March 11, 2016
As with highway funds, dollars for early education were diverted over the years to address budget woes in Kansas.
Such transfers gained serious steam after Gov. Sam Brownback took office in 2011. For example, he’s swept more than $1 billion from the Kansas Department of Transportation — so far.
His ultraconservative cohorts now are eyeing the ultimate money grab in permanently transferring highway and other special funds to the state’s general fund.
Along with snatching more than $500 million annually from the KDOT, Senate Bill 463 would abolish the Kansas Endowment for Youth Fund, the Children’s Initiatives Fund and Economic Development Initiatives Fund, and put all of their revenues in the general fund.
There’s nothing to suggest those dollars would be spent as intended due to persistent and huge budget shortfalls.
While gutting investment in roads and economic development always hurts, this state cannot afford to shortchange programs proven to help preschoolers.
Locally, families and children in 19 southwest Kansas counties benefit from early childhood programs offered through Russell Child Development Center.
Education- and health-related initiatives statewide help ward off poor outcomes that trigger higher costs to society in social services, law enforcement and beyond.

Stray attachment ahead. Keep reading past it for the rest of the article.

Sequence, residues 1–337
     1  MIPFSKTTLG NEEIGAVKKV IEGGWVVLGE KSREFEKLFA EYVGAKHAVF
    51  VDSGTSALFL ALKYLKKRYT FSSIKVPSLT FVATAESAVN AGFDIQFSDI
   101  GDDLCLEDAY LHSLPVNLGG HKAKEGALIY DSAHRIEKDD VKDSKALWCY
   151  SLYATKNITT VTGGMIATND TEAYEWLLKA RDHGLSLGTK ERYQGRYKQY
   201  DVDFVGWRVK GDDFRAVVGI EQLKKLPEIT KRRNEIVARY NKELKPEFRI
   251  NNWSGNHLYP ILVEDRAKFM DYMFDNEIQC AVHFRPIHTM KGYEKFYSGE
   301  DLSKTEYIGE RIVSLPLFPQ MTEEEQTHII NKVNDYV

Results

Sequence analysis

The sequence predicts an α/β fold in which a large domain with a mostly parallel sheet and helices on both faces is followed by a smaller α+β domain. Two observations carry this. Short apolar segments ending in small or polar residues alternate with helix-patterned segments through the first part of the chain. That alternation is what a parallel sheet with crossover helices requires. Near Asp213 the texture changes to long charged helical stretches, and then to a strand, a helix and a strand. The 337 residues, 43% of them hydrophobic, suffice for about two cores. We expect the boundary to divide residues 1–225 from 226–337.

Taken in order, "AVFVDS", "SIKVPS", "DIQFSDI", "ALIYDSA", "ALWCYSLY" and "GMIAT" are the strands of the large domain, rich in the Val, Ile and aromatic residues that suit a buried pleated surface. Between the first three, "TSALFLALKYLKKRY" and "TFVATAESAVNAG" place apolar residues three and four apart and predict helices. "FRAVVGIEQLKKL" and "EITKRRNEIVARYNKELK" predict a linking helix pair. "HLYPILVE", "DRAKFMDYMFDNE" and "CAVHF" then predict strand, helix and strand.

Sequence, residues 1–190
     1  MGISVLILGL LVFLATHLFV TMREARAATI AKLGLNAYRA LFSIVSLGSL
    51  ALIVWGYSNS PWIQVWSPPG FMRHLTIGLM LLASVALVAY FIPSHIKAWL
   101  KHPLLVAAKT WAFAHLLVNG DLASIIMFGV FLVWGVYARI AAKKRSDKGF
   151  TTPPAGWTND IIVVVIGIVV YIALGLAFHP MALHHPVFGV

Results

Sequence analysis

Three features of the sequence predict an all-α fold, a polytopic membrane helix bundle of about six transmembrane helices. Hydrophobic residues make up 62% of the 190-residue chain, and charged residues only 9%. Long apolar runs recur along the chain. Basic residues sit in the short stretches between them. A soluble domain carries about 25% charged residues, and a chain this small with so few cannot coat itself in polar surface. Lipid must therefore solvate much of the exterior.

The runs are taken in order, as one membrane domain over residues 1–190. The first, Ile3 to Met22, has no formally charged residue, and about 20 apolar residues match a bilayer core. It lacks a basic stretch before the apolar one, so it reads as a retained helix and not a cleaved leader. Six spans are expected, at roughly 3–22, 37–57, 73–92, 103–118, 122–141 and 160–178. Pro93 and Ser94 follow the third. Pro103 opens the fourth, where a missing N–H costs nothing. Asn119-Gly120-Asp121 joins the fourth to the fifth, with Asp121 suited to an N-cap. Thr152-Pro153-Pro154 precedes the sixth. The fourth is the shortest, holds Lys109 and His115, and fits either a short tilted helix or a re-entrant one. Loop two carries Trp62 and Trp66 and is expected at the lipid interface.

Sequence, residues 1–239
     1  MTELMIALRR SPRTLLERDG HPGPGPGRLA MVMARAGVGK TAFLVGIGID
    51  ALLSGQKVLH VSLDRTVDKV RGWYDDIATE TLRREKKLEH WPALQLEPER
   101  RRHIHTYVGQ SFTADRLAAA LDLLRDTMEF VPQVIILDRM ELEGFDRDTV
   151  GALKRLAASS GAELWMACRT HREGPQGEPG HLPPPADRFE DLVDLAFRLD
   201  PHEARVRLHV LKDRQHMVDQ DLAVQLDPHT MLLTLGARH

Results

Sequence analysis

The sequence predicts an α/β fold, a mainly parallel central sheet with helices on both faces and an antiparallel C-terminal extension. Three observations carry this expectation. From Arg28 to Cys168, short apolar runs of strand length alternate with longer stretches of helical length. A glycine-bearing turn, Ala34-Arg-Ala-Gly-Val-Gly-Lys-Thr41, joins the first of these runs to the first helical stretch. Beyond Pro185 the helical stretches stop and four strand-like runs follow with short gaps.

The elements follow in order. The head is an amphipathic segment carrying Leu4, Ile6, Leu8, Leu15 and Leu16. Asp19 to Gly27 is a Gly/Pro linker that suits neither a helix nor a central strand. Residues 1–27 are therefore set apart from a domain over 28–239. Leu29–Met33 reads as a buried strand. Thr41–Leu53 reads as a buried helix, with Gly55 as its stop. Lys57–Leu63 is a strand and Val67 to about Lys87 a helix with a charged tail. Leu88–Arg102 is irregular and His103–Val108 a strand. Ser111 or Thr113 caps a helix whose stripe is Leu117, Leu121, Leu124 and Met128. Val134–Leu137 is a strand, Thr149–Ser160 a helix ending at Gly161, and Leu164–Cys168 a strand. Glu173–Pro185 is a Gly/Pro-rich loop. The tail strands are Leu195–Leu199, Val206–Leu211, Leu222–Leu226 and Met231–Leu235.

Jeopardizing effective assistance to pay for the governor’s deep income-tax cuts is shortsighted and reckless.
Not surprisingly, there also were reports of backroom negotiations with private investors centering on the sale of assets of future tobacco settlement funds now allocated to children’s programs.
That maneuver would involve selling the assets for pennies on the dollar in exchange for a one-time payment of $400 million for a short-term budget fix.
Sadly, such fiscal irresponsibility has become a hallmark of the Brownback regime.
Sponsored and introduced by Senate Ways and Means, of which Brownback ally Larry Powell of Garden City is a member, SB 463 is a blatant attempt to offset fallout of Brownback’s failed economic experiment.
The ploy to prop up the state general fund also would curb negative publicity that’s understandably resulted from incessant raids on vital state programs.
The bill is a dud. Those responsible for Kansas’ fiscal mess cannot be trusted, and should keep their hands off the targeted special funds.